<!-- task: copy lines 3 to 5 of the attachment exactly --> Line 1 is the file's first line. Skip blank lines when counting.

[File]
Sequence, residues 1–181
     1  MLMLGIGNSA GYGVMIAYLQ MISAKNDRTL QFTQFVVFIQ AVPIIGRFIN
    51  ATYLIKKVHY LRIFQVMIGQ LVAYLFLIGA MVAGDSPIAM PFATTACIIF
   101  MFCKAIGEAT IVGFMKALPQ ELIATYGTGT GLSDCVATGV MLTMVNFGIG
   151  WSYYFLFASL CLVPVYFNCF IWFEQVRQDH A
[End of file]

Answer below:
    51  ATYLIKKVHY LRIFQVMIGQ LVAYLFLIGA MVAGDSPIAM PFATTACIIF
   101  MFCKAIGEAT IVGFMKALPQ ELIATYGTGT GLSDCVATGV MLTMVNFGIG
   151  WSYYFLFASL CLVPVYFNCF IWFEQVRQDH A